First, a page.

[Rd] Support for high DPI 4K screens
Brian G. Peterson
brian at braverock.com
Sat Sep 5 15:56:18 CEST 2015
On 09/05/2015 06:46 AM, Tom Wenseleers wrote:
> I was recently testing R and RStudio on a high dpi 4K monitor under
> Windows and noticed that the plot window cannot be scaled or zoomed
> without affecting the relative sizing of all plot elements (line
> widths, font sizes, legend spacing etc). RStudio seems to try to
> overcome this by enabling dpi scaling for the plot window on high dpi
> screens, but this results in really fuzzy text and graphics (e.g.
> causing colour fringing when using Cleartype). This made me wonder if
> the assumed dpi of the screen could perhaps be set using some global
> option, so that all graphics could be made to scale their contents in
> a correct way, without affecting the size relative to the size of the
> plot window (I think now it is always assumed to be 72 dpi)? I
> recently asked a related question re how to scale R graphics
> proportionally to the size of the plot window on Stackoverflow,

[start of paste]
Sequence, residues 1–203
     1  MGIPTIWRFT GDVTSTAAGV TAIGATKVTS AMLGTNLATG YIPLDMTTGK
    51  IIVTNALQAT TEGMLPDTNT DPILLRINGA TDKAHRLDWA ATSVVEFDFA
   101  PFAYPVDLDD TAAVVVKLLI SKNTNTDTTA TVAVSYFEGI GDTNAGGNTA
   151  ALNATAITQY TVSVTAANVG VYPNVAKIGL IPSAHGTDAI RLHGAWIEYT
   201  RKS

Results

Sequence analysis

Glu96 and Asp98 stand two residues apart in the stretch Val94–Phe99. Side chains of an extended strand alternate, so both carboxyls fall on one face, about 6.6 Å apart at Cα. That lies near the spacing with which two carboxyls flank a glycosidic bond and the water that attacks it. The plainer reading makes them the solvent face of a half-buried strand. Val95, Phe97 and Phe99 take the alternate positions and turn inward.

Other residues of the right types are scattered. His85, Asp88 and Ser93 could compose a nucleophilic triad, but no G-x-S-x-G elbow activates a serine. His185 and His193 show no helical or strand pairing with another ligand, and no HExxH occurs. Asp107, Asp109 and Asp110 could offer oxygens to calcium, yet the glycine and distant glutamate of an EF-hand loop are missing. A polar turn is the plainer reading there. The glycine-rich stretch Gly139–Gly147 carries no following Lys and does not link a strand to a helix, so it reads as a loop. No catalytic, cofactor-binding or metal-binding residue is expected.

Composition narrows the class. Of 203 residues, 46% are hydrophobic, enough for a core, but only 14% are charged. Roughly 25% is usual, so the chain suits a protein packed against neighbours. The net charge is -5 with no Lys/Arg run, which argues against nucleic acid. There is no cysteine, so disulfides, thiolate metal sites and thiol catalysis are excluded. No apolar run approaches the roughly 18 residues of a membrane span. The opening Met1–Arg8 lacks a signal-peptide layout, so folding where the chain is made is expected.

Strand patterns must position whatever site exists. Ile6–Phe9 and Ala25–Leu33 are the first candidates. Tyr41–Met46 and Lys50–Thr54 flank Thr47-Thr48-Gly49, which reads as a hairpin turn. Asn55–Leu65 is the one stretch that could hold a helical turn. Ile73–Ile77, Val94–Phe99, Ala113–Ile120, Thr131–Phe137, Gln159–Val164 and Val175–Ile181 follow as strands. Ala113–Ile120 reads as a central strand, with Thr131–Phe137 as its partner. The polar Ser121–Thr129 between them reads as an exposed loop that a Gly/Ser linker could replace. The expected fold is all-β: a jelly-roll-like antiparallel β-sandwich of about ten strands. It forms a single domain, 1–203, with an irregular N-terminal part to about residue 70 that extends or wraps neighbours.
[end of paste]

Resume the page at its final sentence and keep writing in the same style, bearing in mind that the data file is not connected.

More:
> but nobody seemed to be able to come up with a good answer/solution.
> This made me wonder if there could perhaps be some low-level solution
> to this?
R-help or RStudio support seem more appropriate for this?
'The correct way' is a very subjective term. I really don't want R or
any other application or operating system assuming that I bought a whole
bunch of expensive 4k displays for smoother lines. I bought them for
We routinely use R and RStudio on 4k displays, I'm doing so right now.
The problem you are likely having is an old version of Windows, and has
little or nothing to do with R or RStudio. Windows 8 and higher have
extensive application scaling support.
Of course, Macs and Linux have good scaling support also, and you get
better R performance on Macs and Linux as well.
Even on Windows, we typically run almost all our applications on 4k
displays at native resolution, and only change title bar and menu
scaling based on distance to the screen. We also use all those pixels.
Your use cases, of course, may vary. Which, in part, is why R has so
much control over the types of graphic devices you create, and how you
choose to control them.
Brian G. Peterson
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